Kopan Monastery


This was one of our final sites to visit, as we had smashed out all the other places. If you really wanted to, you could probably do all the city sites in one or two days comfortably. This is why if you are staying for 10 days + then I would highly recommend going on a trek and visiting one of the national parks. The monastery was difficult to find as there were hidden steps to the left before it split into a dirt road. If you go past the steps then you will have to backtrack (which we did twice!) but once you enter the monastery, it really is a site. There is a garden and ornate statue there which was what I imagined nirvana would be like and of course there was the monastery café which was amazing, especially after the long trek up.

Pano and Jason



Dal Bhat

Dal bhat is the national dish of Nepal and I had to try it. It was delicious and you can have buffalo curry with it. It is essentially a thali and you have to try it.

Momos for days, these remind me of the dumplings my mother makes and they are just that but with a Nepalese twist. They are delicately spiced with a curry flavour and come with a spicy tomato sauce, so good. These momos have a tibetan influence as this is where they originate from. We also tried another type of dumpling called yomari, which is a dumpling filled with sugar cane and some sort of sesame, it was sweet and bitter but I wasn’t a huge fan.


We also tried a tibetan hotpot dish which was really good value for money. Meat, fish, veg and noodles in a hot broth for roughly 1000 rupees! I thought I would also add a picture of some great beverages, one was everest beer (so good – light and malty) and the other was a tibetan hot beer called tongba (hot water and millet seeds which release alcohol – kinda sweet/malty).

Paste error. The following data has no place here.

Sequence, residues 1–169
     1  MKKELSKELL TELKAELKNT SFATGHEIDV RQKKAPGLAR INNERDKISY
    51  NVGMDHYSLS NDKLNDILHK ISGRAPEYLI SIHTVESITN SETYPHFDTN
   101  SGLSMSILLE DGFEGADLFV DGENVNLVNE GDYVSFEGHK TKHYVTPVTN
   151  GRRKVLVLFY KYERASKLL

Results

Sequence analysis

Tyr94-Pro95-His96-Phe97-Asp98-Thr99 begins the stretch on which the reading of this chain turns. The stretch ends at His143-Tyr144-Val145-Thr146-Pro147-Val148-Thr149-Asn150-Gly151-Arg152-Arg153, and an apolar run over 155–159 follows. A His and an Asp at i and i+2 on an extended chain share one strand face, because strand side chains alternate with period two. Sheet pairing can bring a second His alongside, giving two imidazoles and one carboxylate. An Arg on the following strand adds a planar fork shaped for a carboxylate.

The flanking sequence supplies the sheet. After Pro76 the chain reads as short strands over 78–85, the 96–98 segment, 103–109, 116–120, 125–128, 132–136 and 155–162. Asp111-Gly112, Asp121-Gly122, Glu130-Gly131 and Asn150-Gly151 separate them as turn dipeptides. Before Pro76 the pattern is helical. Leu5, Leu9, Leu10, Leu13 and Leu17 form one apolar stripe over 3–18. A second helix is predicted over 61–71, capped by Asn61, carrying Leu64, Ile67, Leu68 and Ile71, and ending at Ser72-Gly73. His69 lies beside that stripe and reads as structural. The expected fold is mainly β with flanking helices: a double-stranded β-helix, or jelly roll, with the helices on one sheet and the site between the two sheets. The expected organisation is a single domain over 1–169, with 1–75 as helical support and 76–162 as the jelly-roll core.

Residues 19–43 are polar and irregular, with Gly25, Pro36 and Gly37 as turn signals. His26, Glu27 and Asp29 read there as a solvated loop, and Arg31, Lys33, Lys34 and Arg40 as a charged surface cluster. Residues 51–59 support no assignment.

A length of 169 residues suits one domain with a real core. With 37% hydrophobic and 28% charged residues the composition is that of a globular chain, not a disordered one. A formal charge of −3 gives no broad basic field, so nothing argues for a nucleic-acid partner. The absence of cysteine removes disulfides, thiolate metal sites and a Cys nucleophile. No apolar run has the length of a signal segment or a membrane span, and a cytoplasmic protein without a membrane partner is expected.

Top tips

  1. Be wary of guides waiting outside the airport, they literally wait there all day to pry on tourists and will approach you – just ignore them and walk on
  2. You can negotiate a price, so never agree on the first price. Do the hard sell
  3. Organise a trip beforehand and make sure you spend plenty of time in Nepal, it has a lot of natural beauty and the treks are beautiful – we didn’t have time to do one but from the photos – it looks immense
  4. Eat plenty of momos, you’ll never get a momo so good. These are spicy delicious packets of joy and the dipping sauce is insane
  5. I would advise two/three days doing a city tour and then another three or more days exploring the other parts of Nepal, maybe go on an Annapurna trek and see Pokhara; Chitwan national park was recommended by many people